Last weekend I had the privilege of attending a Ukrainian dance recital put on by the Zorya Ukrainian Dance Association in Thunder Bay, Ontario.  The recital depicted history from numerous distinct regions of the Ukraine.  The dances, costumes, and music all reflected particular events in Ukrainian culture from various different regions.

Until attending this recital the only exposure I had to Ukrainian dance was at a wedding.  The dancing at the wedding was done by a dance trope and was fantastic, however I had no idea of the historical roots and context that the dancing embodied. 

The repertoire of the Zorya dance group focuses on the 19th century Ukraine.  Bits of history that were readily apparent through the dances included traditional farming techniques, marriage ceremonies, hospitality protocol, and gender roles. 

Dance steps and costumes in Ukrainian dance are extremely gender oriented.  Certain types of dance are reserved explicitly for males, eg. using swords as props.  Other dance steps such as lifts, shawl dances, ribbon and flower props are used only by females.  At first I was a bit taken by how strictly gendered everything was, however considering Zorya's emphasis on the 19th Century Ukraine, the gender roles are reflective of the period.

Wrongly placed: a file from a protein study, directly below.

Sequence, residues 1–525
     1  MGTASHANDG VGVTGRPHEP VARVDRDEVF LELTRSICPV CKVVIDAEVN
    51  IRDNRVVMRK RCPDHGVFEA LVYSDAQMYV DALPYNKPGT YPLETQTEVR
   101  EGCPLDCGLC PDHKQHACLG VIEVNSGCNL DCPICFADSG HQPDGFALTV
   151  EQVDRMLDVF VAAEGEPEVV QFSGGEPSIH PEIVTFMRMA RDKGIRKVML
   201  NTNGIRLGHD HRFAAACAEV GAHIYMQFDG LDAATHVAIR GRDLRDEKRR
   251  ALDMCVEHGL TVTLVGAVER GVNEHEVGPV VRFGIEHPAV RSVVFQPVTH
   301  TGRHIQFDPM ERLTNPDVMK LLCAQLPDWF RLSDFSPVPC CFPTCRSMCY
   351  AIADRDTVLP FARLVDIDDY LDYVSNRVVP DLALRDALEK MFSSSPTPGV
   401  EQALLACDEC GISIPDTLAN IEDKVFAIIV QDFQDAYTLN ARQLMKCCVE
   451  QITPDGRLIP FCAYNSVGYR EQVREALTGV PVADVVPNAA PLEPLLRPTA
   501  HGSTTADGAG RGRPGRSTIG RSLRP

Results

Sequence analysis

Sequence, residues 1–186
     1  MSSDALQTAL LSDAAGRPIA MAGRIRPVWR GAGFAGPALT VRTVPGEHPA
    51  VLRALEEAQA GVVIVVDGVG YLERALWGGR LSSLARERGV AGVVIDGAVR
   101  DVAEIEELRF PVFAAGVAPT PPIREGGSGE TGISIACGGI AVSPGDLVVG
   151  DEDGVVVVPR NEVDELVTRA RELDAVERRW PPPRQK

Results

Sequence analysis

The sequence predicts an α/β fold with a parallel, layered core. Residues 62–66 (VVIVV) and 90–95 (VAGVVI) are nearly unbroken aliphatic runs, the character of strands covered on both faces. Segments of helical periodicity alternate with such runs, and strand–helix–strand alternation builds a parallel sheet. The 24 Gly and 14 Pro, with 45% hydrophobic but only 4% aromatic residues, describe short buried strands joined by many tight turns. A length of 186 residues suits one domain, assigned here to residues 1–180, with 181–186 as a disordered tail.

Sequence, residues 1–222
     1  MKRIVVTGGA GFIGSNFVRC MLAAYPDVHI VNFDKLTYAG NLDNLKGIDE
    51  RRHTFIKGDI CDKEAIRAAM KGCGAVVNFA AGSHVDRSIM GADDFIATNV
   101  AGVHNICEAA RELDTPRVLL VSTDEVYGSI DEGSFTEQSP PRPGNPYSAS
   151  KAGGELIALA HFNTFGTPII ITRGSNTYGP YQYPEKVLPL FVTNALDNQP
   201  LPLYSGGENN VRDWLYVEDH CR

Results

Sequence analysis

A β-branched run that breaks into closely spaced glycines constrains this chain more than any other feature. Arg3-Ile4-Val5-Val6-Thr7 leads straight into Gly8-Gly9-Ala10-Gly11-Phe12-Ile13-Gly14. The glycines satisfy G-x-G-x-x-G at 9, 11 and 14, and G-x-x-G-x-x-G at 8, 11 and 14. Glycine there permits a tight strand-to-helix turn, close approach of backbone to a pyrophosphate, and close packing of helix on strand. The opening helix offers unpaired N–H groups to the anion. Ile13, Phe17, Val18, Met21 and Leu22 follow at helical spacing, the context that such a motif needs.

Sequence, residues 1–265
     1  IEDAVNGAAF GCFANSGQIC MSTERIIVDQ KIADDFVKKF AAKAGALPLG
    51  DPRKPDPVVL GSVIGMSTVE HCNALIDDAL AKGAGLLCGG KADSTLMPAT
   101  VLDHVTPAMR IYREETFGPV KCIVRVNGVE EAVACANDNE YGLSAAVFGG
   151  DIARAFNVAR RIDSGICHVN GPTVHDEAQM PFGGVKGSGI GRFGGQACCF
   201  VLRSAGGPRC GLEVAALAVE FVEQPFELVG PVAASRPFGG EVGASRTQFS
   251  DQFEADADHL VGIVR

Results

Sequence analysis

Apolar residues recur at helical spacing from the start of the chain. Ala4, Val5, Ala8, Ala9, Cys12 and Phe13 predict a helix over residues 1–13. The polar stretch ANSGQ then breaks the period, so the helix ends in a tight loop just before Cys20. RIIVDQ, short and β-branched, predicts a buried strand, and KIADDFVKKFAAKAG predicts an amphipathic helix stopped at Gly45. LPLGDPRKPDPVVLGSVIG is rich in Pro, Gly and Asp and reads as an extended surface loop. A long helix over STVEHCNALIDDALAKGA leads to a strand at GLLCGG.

Watching this dance trope was a great experience and brought aspects of Ukrainian heritage alive in an interesting, engaging, and lively way.  If you ever have the chance to see Zorya or another Ukrainian dance group I highly recommend it.

What other types of traditional dance embody cultural history in a similar way?

Monday, May 14, 2012

American History Through Currency